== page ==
CHASING THE WIND IN KWARA STATE
By ‘Shola Mike Agboola
Please permit me to lend my voice to the ‘hijab brouhaha’ in Kwara State. It is unfortunate that we the peace-loving people of the ‘state of harmony’ fell for the diversionary tactics of desperate political players. We allowed them to use us as pawns on the chessboard of political manipulations.
Bad roads sprawl the length and breadth of the state; Joblessness is a common denominator in our dear state: Our hardworking civil servants earn one of the poorest wages in the country. Social infrastructures are grossly inadequate; The ambience of the state is far from being cosmopolitan. The economy is at a low ebb. All these are products of rudderless and kindergarten governance over the years. Is it not ridiculous that none of these is a matter of concern to the good people of Kwara State? We have not thought of forming a common front to place a demand on government for our rights.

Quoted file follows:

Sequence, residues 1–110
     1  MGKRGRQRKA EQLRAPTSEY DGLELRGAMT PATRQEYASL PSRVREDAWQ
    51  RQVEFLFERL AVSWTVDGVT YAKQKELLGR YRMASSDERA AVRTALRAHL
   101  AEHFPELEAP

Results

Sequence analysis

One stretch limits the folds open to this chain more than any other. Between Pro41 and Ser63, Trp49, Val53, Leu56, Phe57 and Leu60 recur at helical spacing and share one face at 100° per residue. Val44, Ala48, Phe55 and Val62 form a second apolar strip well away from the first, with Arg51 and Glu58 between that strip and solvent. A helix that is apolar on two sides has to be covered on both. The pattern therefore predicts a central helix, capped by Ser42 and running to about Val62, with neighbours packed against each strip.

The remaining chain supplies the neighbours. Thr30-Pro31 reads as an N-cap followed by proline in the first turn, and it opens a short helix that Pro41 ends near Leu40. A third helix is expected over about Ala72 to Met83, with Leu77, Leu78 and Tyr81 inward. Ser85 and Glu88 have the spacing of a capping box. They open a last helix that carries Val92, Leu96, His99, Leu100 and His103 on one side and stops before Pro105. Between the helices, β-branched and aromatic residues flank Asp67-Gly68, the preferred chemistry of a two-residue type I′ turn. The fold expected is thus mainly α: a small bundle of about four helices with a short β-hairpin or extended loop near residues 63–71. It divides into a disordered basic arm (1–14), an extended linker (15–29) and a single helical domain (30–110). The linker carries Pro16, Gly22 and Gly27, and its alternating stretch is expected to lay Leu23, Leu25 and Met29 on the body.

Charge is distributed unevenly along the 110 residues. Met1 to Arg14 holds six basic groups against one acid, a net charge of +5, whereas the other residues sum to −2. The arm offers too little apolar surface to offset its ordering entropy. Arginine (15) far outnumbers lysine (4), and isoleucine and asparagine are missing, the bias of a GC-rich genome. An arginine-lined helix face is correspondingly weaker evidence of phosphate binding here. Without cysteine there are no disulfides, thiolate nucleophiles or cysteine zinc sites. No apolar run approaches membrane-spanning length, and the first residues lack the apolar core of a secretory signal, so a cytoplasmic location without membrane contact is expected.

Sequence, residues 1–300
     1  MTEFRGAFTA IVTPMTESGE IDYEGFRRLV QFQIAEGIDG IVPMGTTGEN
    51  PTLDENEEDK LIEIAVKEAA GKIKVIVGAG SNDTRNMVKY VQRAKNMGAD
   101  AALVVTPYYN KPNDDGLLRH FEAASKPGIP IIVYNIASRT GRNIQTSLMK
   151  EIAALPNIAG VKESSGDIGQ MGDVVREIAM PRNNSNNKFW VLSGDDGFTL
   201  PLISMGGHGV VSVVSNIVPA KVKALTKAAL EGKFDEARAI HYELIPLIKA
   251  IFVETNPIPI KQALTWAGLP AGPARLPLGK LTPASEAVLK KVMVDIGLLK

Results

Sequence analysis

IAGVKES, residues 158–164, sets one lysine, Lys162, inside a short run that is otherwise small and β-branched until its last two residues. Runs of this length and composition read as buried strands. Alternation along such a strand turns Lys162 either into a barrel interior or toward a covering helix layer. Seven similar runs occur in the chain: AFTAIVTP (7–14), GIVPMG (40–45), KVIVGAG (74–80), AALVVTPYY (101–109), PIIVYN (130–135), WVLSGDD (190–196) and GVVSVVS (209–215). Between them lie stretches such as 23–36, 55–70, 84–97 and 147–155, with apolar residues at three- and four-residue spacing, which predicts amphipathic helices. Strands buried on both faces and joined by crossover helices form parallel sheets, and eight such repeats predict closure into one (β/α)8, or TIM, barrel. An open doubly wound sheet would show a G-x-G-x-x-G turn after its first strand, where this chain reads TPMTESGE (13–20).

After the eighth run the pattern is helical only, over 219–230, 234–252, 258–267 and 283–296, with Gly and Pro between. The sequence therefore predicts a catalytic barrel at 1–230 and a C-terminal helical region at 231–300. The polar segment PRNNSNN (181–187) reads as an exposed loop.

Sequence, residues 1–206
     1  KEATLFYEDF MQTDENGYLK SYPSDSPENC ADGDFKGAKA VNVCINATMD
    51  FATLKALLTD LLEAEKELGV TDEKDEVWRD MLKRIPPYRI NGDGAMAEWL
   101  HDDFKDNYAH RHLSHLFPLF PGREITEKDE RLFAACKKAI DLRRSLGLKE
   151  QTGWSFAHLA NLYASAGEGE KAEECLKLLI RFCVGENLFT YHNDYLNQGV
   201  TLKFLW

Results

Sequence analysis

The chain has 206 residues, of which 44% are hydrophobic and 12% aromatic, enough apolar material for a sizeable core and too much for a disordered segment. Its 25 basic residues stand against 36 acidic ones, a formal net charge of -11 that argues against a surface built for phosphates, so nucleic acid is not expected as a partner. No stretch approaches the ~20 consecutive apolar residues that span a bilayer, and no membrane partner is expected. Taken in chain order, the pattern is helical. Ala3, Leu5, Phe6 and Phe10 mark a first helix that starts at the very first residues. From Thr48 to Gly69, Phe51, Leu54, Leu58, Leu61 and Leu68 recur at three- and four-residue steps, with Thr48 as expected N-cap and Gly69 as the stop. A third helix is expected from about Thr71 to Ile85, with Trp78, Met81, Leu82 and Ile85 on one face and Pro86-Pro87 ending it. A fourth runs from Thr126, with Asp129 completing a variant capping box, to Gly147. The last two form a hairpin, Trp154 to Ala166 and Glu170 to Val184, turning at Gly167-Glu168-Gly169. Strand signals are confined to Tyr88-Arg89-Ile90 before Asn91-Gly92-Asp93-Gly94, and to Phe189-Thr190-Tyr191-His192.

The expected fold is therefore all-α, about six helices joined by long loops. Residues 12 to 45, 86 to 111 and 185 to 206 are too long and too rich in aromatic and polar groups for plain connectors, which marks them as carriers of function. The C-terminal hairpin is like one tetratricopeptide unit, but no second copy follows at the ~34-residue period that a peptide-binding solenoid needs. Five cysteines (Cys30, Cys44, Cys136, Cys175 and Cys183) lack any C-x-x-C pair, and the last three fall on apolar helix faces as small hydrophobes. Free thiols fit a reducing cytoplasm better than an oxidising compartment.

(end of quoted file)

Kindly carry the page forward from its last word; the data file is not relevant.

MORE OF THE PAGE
A group of people has decided to invest its energy in the fight for female students to wear hijab in grant-aided mission schools. Sadly, the government sheepishly played into their hands by taking an ill-advised and ill-timed decision on the matter thus throwing the once peaceful state into chaos. It is unfortunate!
If you care to know, one of my closest classroom friends, during my Secondary School days, was Mukaila – a Muslim. One of my closest pals as a sports man, in the same Secondary School, was Suraju – a Muslim. One of my best hostel mates, in the boarding house, was Yahaya – a Muslim. I was particularly close to the latter. My being a Christian, and they being Muslims, was never an issue. We blended and flowed together because our childhood innocence had not been smeared by religious fundamentalism and fanaticism.
One does not need google to know that the world is cruising fast on the highway of human, economic, social and infrastructural developments. Why do we opt to crawl in the mire of underdevelopment? It is high time we left all ‘minors’ and focus on the ‘majors’ for which we voted in the government of the day. Dear Kwarans, I enjoin us to come together, break loose from the shackles of desperate power mongers, and raise our voices, with every thread of courtesy, decency and responsibility to demand for good governance. We must all contribute our little quotas to build and not to destroy our dear state. A word is enough for the wise.